Why Disruption Strategy Has Worked

by James Tracy on January 27, 2015

(Ed Note: James Tracy’s response to Editor Randy Shaw’s January 15, “Activists Must Do More Than Disrupt” will hopefully be part of an ongoing dialogue on this issue)

I read with interest your opinion piece “Activists Must Do More Than Disrupt” (January 22nd 2015) in Beyond Chron. I always appreciate in your writings the emphasis on strategy in progressive movements. In this instance, I think you miss the mark by minimizing the gains that disruption has brought thus far, and the possibility that Black Lives Matter activists have a strategy that you might not be privy to.

In a few short months, these brave organizers have rebooted the racial justice movement in several important ways. A year ago, who would have expected that a validity of Broken Windows policing be openly challenged in the mainstream media? The militarization of the police received scant attention before the protests.

These openings in political discourse were made possible by the disruption of business as usual, as well as formidable media skills of key activists. Policing is the political third rail in American politics. Today, it is impossible to find many electoral or legislative options to address police murder.

An intense web of laws used to shield officers who kill and the political strength of Police Officer’s Associations have shut them down. As you know and have written lucidly on, activists mobilize what resources they have at their disposal against the enemy’s few weaknesses. Given this is only natural that disruptive political tactics will dominate this phase of the movement.

The fact is that the Black Lives Movement, has already moved beyond simple disruption.  It hasn’t fallen prey to the Occupy trap of protest without program. Consider the concrete demands of Furguson Action as just one example. Do these demands seem like a movement without a strategy to you?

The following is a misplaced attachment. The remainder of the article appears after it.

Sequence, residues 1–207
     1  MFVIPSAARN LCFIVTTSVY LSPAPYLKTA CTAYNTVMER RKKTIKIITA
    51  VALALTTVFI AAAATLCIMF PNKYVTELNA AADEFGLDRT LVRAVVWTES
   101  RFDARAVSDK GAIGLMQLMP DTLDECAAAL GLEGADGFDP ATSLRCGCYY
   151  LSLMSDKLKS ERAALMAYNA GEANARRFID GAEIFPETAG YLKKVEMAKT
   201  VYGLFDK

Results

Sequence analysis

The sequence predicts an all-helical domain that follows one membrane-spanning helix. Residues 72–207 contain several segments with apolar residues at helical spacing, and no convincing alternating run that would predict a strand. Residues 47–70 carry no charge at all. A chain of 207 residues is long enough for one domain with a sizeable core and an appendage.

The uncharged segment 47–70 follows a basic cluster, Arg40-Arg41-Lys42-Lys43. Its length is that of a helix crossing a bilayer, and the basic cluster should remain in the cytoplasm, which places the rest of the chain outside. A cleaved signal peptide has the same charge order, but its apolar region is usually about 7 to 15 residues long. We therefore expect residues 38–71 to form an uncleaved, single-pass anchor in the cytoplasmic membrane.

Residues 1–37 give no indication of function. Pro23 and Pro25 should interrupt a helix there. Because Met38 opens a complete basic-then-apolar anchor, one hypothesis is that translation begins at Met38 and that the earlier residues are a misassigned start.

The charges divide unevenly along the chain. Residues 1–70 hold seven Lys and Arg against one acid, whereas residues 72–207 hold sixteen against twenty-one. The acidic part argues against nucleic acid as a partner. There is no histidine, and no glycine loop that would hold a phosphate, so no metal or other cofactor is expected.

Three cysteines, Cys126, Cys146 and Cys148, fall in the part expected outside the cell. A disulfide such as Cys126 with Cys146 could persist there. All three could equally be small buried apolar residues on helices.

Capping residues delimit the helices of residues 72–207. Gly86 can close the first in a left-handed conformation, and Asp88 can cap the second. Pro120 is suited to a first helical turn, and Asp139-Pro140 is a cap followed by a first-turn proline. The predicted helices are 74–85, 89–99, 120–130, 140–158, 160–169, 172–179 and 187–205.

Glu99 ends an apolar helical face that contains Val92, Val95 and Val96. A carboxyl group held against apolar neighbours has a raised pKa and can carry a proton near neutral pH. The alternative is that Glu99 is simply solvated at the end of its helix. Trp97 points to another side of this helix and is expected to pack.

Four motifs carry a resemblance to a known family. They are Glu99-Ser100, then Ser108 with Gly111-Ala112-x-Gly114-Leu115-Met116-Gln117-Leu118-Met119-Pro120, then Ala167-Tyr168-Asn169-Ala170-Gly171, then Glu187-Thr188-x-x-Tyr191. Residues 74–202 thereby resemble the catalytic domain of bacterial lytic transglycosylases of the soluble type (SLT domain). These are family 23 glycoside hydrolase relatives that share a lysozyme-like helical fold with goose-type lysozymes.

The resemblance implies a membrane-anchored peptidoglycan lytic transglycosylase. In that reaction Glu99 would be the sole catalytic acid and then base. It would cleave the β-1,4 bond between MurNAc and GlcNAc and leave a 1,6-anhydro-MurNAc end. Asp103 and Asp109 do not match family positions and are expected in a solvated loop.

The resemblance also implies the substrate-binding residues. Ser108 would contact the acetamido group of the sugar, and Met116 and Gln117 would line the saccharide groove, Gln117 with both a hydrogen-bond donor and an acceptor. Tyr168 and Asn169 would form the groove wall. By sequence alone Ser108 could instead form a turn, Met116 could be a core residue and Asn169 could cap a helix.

Most importantly, a new generation of Black radicals such as Alicia Garza, Patrisse Cullors and Opal Tomet (to name three among many) have worked hard to connect disparate protest movements. This work has not only reinvigorated the Black Left but the larger one in the United States as well.

Like you, I am always in favor of precise, targeted direct action over indirect action. But I can’t ignore the irony is that this young movement is already doing exactly what you have asked progressives to do in your book Reclaiming America by moving beyond solely local organizing towards a national set of priorities.

But these are very old debates. The youth who initiated the lunch counter sit-in were accused of the same lack of strategy you see in the current generation. It was Ella J. Baker who urged movement elders to see the youth’s actions as a crucial step in expanding the movement.

You use the example of Rosa Parks and the Montgomery Bus Boycott to make your point. You understand then how the desegregation movement took at least a decade to perfect the strategy that brought and end to transit segregation.

This was not due to the lack of organizing acumen on Montgomery’s activists, rather the time it took to build strength and analyze past defeats. As dangerous as organizing was in the 1950s, organizing against police and incarceration today holds many life-or-death situations as well. The strategies and solutions aren’t going to be packaged on a Midwest Academy chart.

Historically, Black organizing has always been the catalyst for social action in the common good. This time around, so many of the movement’s key organizers have roots in the Bay Area. Perhaps the next time Beyond Chron would like to question their grasp of strategy, you could simply call them up and ask for an interview.

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Filed under: National Politics

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